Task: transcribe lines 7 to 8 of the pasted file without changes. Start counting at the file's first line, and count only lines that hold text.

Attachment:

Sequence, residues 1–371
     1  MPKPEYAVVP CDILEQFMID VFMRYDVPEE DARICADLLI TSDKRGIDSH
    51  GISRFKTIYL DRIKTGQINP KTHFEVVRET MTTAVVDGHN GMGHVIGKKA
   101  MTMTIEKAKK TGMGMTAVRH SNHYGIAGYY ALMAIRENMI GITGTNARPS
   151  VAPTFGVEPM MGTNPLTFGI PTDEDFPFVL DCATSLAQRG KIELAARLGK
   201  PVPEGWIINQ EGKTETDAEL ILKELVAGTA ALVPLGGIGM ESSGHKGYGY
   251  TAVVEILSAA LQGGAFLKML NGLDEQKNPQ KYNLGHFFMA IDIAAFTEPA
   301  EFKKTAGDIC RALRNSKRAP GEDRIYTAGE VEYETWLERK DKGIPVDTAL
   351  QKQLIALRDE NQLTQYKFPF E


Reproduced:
   251  TAVVEILSAA LQGGAFLKML NGLDEQKNPQ KYNLGHFFMA IDIAAFTEPA
   301  EFKKTAGDIC RALRNSKRAP GEDRIYTAGE VEYETWLERK DKGIPVDTAL